The biggest thing weve noticed is that nanoparticles face multiple challenges posed by the tumour itself on their way to cancer cells, says Sindhwani, an MD-PhD student in the Integrated Nanotechnology & Biomedical Sciences Laboratory of Professor Warren Chan (IBBME). Syed and Sindhwani co-published their findings online June 22, and on the cover of the Journal of the American Chemical Society. So the treatment might work for a while or worse, theres just enough of the drug for the cancer to develop resistance. This could be prevented if we can figure out the ways in which these barriers stop delivery and distribution of the drug throughout the cancer.

Tiny nanoparticles offer great hope for the treatment of cancer and other disease because of their potential to deliver drugs to targeted areas in the body, allowing more precise treatments with fewer side effects. But so far the technology hasnt lived up to its promise, due to delivery and penetration problems.

To dismantle this roadblock, the two graduate students searched for a way to better view the particles journey inside tumours. They discovered that the tough-to-see particles could be illuminated by scattering light off their surfaces.

The sensitivity of our imaging is about 1.4 millionfold higher, says Syed. First, we make the tissue transparent, then we use the signal coming from the particles to locate them. We shine a light on the particles and it scatters the light. We capture this scattering light to learn the precise location of the nanoparticles.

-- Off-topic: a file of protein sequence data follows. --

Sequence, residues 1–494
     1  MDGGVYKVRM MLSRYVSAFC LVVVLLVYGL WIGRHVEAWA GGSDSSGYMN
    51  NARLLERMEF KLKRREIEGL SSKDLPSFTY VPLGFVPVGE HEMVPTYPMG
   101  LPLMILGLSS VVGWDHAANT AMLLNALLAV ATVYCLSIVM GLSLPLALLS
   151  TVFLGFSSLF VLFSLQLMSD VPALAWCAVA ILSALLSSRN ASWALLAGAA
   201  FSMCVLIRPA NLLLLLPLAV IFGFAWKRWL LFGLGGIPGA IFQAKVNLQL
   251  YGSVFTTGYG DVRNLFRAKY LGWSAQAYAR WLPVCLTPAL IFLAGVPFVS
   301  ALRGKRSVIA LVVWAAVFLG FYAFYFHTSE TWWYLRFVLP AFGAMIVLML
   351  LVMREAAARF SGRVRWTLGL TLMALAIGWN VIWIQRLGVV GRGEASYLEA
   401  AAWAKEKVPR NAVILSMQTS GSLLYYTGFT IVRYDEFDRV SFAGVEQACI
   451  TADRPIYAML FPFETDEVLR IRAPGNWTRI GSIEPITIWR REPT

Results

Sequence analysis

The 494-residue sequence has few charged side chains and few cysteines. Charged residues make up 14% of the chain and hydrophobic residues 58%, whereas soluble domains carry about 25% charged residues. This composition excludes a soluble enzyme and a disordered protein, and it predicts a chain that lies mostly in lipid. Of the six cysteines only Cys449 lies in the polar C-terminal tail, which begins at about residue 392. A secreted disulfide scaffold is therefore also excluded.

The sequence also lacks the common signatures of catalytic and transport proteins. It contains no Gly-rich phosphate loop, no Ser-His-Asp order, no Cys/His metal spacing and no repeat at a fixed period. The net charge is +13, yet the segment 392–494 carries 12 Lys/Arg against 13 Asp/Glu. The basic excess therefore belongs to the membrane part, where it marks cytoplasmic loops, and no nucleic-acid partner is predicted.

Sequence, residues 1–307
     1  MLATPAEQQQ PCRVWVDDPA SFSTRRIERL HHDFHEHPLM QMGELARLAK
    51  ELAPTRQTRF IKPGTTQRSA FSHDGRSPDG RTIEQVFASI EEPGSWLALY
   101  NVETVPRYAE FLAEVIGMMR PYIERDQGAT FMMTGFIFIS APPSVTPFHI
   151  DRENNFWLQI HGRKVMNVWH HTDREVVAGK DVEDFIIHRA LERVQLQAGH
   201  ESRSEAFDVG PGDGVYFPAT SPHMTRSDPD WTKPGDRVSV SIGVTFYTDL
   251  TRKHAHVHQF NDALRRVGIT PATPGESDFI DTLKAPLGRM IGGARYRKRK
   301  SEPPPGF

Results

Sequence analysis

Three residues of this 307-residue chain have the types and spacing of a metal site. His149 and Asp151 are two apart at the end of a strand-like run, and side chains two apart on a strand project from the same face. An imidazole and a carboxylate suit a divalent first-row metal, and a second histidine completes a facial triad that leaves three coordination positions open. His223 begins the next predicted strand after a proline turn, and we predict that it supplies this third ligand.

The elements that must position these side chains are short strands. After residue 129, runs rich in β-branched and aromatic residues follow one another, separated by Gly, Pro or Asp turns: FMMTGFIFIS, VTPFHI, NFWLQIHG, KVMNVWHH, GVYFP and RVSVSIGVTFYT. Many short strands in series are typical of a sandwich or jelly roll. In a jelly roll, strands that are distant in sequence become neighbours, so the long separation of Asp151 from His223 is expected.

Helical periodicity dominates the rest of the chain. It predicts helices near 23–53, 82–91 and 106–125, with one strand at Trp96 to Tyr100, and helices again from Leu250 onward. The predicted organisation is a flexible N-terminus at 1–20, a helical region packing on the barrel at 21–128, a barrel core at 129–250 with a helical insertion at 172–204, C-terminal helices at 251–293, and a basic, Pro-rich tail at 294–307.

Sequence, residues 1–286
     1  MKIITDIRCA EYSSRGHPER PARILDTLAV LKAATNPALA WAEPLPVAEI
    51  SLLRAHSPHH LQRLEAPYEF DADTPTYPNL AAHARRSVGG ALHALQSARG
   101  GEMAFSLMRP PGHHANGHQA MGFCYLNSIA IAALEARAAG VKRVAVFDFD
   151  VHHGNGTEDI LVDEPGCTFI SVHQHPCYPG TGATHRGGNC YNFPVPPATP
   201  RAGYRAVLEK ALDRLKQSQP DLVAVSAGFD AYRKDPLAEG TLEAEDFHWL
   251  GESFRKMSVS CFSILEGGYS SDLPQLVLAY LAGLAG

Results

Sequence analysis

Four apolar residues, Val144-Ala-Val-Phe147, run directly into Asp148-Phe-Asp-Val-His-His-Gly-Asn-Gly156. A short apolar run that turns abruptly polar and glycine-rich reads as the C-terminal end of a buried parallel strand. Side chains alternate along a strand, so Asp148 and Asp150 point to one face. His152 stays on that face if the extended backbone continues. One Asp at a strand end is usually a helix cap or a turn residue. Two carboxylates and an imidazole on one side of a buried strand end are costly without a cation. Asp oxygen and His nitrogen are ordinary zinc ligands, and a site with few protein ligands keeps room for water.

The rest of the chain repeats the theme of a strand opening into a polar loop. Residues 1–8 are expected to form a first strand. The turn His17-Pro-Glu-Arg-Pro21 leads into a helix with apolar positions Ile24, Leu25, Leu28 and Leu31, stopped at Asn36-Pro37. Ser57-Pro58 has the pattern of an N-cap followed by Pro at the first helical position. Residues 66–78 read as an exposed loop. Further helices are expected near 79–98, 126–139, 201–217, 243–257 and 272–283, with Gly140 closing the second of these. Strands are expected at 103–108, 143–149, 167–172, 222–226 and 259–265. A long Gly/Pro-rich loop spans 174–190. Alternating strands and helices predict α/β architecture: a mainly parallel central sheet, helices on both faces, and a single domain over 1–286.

It was already understood that nanoparticles were failing to accumulate in tumours, thanks to a meta-analysis of the field done by Chans group. But the researchers have developed technologies to look at nanoparticle distribution in 3D, which provides a much fuller picture of how the particles are interacting with the rest of the tumour biology. The goal is to use this technology to gather knowledge for developing mathematical principles of nanoparticle distribution in cancer, similar to the way principles exist for understanding the function of the heart, says Syed.

And because each tumour is unique, this technology and knowledge base should help future scientists to understand the barriers to drug delivery on a personalized basis, and to develop custom treatments.